Why The Pizza You Grew Up With Will Always Be The Best Pizza In The World

02.24.17 1 year ago 7 Comments

Carissa Gan, Unsplash

Nestled on the leeward corner of the Olympic Peninsula in Washington state is a little town at the end of the road called Port Townsend. It’s one of the oldest non-Spanish towns on the USA’s west coast and still has a largely Victorian aesthetic. Water Street is the main drag. Along each side of the street two and three story red brick buildings sit like beacons from a bygone era — each one has a faded mural for some product or another, long discontinued. The insides of these buildings are largely original. Wooden staircases lead to creaky second floors. Plate glass windows look out onto the Straits of Juan de Fuca and snow-capped Olympic Mountains.

About 2/3 of the way down Water Street sits a hole-in-the-wall pizzeria called Waterfront Pizza. That’s where my old man would take me for a slice after an afternoon out salmon fishing or dragging up crab pots. I can still smell the oven to this day — the mozzarella, sourdough bread, sizzling pepperoni. It’s all there in my sense memory. We’d walk in to the small shop and I’d gaze around at the tiny prep area and two huge ovens. Flour seemed to coat everything. I watched in awe as the pizziaolo stretched the dough and topped the pies. The smell wafting from the oven was magical.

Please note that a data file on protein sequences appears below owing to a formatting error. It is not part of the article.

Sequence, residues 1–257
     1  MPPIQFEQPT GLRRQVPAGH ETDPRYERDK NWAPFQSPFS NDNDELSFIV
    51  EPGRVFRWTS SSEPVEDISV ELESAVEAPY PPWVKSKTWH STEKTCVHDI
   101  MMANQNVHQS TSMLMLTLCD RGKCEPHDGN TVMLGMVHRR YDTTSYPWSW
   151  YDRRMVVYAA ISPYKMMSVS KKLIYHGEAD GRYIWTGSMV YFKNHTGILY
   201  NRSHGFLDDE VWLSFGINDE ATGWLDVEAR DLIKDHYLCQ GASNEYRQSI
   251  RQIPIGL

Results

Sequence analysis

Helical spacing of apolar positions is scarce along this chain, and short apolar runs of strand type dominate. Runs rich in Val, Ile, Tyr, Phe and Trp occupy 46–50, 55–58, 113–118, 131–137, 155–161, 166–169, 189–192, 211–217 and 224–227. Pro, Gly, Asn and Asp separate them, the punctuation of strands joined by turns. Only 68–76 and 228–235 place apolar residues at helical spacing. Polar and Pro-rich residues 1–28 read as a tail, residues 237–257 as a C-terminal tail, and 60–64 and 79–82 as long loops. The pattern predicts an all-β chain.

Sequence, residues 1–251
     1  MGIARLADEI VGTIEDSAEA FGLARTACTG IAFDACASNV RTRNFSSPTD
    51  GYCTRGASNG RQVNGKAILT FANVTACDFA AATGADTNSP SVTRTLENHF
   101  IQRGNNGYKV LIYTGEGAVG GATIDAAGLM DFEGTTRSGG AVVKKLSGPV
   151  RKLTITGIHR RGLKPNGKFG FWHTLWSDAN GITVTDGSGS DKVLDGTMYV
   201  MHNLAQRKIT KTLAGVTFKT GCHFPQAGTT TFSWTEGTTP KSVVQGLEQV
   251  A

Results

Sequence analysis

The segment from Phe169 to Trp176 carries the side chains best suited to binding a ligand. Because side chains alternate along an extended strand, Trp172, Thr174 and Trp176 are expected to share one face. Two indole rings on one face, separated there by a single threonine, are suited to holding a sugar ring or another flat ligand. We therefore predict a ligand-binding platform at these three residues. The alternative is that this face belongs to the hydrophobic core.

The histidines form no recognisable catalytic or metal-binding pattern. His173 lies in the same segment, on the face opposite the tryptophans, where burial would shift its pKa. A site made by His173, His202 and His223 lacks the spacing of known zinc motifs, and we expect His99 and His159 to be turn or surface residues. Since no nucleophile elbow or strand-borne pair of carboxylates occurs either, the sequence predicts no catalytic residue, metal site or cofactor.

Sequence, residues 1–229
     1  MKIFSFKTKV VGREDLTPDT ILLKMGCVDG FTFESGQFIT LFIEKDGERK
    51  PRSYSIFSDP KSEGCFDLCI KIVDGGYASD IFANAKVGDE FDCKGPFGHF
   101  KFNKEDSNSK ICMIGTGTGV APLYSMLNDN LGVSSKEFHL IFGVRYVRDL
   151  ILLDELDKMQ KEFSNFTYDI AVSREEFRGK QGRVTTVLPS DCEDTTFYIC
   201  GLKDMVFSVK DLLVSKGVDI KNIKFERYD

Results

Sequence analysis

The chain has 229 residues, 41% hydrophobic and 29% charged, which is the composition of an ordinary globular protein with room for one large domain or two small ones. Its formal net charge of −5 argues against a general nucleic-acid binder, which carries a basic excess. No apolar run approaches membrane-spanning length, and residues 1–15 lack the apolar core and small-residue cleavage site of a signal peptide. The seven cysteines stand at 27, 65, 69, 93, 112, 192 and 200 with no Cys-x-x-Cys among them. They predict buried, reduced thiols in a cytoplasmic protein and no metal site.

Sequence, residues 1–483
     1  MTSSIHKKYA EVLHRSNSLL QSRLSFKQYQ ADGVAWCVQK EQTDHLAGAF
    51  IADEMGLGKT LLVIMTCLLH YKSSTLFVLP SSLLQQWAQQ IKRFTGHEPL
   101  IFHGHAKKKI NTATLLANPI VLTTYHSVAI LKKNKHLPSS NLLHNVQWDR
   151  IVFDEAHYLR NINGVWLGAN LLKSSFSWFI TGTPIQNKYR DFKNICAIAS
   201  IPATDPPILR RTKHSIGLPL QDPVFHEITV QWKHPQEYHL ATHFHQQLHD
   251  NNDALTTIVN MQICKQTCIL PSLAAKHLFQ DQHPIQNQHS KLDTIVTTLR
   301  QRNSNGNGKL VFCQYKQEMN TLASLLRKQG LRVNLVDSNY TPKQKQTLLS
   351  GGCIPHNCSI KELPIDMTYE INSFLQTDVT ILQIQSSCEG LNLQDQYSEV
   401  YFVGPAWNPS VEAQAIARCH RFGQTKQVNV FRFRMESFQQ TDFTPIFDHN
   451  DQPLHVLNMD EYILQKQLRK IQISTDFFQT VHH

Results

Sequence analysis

We’d always get the same thing — two slices and two root beers. And it was always pizza with pepperoni, olives, mushrooms, and pineapple. In the years since, I’ve traveled the world, I’ve learned to cook, and I’ve never had anything as good as those slices of pizza with my old man all washed down with root beer. Never once.

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